The 4 factors primarily responsible for determining the storage of abdominal fat are:
It is not completely clear why we get fat. The foundation of obesity is based on calories in and calories out (CICO). However, this does little to explain why we overeat and why some get fat and others don’t. The cause of obesity is multifactorial: genetics, calories, diets, medical issues, hormones, activity levels, pharmaceuticals, stress, psychosocial elements, environment, sleep, etc… The Insulin Hypothesis for explaining weight/fat gain posits that obesity is primarily a function of a hormonal imbalance that drives an impulse towards overconsumption followed by an adipose storage bonanza. There is no doubt alcohol has a profound effect on our hormones. Beer is brimming with maltose, a type of sugar that significantly affects insulin secretion.
Beer has been vilified as the main culprit behind the dreaded Buddha belly. But there is still controversy surrounding how well ethanol-derived (alcohol) calories can be utilized since they aren’t an efficient energy source and tend to potentiate a thermogenic effect (increase in metabolic rate). In general, extra consumption of liquid calories and sugar will result in weight gain. When your body is metabolizing alcohol the liver becomes preoccupied with burning it, not fat. Alcohol tends to increase one’s hunger, and decrease willpower and the ability to make healthy choices. Here is something you don’t often hear at 3 AM after leaving the bar: “I’m drunk, let’s make a healthy salad!” I don’t think that phrase has ever been uttered. Liquid calories are rarely a good idea when trying to maintain or lose weight. They have a small effect on satiety and sometimes, in the case of alcohol, will actually increase your hunger. I constantly tell my personal training clients to avoid liquid calories. In the standard American diet (appropriately nicknamed SAD), liquids comprise approximately 22% of the total calorie intake.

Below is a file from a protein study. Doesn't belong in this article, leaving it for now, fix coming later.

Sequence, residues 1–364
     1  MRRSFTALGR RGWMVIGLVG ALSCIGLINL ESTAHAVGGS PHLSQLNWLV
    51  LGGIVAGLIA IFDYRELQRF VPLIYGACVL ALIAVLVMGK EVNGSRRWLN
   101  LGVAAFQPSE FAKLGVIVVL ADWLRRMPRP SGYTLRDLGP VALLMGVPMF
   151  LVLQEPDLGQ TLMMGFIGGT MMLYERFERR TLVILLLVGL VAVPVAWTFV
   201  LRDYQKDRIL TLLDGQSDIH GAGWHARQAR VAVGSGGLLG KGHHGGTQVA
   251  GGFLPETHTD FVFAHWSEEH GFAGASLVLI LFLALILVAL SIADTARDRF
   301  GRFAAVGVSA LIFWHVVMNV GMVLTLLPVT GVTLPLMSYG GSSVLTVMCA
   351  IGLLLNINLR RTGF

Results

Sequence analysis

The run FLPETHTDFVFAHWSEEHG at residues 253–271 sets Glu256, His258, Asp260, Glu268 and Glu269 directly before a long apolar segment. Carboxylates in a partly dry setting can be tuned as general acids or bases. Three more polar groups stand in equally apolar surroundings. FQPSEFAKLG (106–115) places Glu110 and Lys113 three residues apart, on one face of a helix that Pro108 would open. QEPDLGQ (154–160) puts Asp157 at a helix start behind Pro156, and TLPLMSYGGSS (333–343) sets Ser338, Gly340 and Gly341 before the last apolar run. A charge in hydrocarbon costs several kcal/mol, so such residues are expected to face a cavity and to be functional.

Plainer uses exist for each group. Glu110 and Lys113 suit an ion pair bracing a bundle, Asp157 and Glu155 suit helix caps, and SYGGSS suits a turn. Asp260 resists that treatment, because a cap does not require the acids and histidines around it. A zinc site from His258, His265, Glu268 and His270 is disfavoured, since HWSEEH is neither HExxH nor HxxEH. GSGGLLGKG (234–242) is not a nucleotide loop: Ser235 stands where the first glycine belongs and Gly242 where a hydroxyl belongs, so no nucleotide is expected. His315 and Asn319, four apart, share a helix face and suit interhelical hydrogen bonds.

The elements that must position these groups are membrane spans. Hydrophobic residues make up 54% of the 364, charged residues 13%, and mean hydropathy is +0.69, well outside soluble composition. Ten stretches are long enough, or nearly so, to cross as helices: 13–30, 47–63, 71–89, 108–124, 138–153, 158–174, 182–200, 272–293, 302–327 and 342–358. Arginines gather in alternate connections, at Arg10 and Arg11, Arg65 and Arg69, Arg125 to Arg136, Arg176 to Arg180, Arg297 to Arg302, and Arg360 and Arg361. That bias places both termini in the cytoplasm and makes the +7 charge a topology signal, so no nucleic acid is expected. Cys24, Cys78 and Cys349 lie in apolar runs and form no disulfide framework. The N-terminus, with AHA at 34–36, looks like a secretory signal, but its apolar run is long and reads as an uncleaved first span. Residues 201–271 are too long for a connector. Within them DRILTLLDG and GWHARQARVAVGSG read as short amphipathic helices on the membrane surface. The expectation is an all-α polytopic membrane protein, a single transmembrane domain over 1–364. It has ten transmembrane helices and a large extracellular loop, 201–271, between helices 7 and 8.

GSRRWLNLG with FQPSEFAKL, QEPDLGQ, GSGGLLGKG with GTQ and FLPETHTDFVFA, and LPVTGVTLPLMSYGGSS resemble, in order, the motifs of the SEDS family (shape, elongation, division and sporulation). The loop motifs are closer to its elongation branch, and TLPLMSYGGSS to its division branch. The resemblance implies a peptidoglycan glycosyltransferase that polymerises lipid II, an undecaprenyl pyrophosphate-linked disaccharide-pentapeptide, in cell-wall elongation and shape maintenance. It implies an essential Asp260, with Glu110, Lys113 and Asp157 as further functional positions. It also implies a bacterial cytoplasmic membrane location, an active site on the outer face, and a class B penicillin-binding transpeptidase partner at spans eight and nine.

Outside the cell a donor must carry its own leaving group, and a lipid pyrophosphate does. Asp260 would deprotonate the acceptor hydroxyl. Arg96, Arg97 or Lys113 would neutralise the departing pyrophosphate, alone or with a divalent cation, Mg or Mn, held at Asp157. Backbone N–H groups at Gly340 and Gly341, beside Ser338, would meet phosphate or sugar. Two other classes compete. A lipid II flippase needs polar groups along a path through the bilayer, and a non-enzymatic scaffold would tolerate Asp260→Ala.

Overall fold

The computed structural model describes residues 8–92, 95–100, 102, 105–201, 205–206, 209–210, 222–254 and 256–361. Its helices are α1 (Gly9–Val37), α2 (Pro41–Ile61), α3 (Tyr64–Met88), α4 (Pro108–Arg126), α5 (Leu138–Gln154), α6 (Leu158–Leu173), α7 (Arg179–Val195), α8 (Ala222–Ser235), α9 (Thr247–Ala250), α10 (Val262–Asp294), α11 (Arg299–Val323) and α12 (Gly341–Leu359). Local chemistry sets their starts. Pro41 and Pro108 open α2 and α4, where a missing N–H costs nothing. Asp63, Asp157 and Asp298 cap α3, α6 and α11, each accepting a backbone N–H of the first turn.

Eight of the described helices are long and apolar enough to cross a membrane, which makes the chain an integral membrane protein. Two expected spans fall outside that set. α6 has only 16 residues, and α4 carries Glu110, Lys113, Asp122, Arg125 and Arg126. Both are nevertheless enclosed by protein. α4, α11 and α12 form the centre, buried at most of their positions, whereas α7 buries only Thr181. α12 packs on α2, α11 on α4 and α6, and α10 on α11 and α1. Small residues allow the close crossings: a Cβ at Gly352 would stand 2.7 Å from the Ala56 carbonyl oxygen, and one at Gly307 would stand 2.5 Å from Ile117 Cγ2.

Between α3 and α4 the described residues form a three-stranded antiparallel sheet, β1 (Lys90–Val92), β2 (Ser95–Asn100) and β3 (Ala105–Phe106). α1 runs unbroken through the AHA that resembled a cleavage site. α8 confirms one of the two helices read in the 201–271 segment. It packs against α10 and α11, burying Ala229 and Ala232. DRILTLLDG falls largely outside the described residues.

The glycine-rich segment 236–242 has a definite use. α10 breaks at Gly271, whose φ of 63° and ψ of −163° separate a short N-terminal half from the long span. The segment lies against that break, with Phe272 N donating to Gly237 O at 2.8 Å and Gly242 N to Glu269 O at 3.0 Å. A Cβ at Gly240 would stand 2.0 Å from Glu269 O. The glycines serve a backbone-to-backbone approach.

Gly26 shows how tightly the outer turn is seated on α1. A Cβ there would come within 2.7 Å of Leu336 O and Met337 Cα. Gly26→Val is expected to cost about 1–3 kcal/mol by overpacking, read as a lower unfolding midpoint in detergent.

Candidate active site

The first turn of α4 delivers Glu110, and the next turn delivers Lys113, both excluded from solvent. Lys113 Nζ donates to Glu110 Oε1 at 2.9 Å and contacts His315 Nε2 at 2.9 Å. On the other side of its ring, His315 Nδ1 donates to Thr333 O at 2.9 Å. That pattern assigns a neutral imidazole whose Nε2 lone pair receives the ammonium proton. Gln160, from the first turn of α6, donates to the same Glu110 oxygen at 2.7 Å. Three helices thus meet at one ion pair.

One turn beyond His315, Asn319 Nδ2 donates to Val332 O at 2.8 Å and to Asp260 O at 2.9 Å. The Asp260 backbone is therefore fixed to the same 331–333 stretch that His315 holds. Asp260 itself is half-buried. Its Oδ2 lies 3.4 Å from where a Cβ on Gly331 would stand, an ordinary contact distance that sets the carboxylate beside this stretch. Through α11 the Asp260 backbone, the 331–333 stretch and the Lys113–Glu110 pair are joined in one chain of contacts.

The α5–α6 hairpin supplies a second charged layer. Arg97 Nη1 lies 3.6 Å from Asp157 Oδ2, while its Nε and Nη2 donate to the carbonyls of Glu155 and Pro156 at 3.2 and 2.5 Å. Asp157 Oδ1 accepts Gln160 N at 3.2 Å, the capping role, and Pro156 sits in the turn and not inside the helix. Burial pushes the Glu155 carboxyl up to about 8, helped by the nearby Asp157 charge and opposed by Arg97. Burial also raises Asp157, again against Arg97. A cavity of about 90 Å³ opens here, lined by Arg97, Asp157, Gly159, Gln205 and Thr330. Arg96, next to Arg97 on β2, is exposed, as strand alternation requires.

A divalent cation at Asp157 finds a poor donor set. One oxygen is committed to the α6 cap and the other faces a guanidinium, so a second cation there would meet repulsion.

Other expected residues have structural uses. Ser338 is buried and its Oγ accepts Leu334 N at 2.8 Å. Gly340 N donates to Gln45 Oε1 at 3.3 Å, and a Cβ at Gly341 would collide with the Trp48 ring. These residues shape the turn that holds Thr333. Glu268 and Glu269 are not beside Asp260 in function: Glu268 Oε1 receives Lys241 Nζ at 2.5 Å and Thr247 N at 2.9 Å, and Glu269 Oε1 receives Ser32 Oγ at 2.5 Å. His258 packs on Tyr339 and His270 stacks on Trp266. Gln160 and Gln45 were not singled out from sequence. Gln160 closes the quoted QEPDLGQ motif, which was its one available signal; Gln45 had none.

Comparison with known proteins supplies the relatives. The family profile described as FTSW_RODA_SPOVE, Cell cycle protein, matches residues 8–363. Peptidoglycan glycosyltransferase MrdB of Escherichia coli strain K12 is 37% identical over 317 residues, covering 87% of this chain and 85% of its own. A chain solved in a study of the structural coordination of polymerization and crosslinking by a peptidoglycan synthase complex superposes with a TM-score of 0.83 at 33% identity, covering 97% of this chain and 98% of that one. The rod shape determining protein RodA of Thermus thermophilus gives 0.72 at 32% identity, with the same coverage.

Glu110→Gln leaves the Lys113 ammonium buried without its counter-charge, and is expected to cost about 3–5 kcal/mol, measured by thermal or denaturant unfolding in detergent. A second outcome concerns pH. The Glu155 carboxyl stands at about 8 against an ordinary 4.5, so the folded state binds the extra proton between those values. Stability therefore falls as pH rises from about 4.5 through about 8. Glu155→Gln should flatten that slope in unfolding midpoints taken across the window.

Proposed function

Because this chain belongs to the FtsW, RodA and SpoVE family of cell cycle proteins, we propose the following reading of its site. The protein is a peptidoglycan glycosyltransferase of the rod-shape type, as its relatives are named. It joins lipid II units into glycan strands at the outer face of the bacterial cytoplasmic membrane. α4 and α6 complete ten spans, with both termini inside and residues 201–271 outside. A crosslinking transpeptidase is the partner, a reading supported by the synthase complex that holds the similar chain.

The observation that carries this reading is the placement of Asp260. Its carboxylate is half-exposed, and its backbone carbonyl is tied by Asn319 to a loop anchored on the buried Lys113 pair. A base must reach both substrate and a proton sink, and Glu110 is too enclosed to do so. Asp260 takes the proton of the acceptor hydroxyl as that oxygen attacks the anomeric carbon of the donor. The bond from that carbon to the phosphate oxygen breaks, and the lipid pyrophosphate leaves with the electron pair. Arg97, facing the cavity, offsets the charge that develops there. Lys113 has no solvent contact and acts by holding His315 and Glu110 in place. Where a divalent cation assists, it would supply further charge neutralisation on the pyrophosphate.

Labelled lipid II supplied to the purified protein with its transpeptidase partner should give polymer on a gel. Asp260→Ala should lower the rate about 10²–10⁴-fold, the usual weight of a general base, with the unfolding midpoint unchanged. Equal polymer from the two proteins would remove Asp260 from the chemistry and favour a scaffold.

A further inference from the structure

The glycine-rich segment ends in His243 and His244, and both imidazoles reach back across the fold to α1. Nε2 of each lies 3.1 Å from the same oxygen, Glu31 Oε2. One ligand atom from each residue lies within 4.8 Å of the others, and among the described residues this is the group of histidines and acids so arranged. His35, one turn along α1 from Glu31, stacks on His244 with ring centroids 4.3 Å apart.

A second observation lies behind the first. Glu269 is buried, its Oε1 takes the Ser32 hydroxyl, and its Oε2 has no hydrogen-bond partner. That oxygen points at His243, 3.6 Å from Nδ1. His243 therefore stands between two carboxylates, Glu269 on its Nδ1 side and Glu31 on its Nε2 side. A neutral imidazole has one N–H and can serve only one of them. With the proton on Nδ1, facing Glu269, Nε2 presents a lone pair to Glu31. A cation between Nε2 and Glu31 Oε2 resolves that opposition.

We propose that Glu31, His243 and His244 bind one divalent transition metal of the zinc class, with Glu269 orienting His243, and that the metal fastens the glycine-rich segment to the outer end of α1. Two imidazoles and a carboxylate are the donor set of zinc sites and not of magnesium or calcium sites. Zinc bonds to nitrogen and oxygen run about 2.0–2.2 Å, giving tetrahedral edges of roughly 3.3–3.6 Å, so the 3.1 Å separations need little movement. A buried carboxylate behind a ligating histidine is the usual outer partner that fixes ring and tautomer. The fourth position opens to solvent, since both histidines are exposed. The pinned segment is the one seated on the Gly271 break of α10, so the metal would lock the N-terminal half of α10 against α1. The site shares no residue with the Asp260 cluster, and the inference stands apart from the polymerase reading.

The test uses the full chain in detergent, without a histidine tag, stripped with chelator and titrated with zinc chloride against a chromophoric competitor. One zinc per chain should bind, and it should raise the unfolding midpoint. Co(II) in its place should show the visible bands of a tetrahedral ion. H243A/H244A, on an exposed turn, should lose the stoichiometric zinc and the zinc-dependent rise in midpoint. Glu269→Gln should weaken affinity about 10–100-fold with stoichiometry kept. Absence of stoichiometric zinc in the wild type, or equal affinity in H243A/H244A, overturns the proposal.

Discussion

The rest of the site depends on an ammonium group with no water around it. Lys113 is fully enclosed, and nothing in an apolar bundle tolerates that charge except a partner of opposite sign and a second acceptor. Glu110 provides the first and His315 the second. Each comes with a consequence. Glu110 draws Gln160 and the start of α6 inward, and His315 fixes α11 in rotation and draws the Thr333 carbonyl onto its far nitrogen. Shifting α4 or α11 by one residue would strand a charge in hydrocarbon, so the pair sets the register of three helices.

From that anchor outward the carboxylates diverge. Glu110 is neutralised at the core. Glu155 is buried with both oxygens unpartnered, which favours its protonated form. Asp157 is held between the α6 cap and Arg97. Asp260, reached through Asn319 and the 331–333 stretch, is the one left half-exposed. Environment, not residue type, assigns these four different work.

Calorie Count in Popular Beverages:
12 0z. Beer: 130-200
12 0z. Light Beer: 75-110
5 0z. Red Wine: 110-150
5 0z. White Wine: 110-150
1.5 0z. Vodka: 100-175
1.5 0z. Whiskey: 100-175
4 0z. Martini: 275-375
12 0z. Jack/Rum & Coke: 285-310
12 0z. Margarita: 375-475
12 0z. Gin & Tonic: 250-275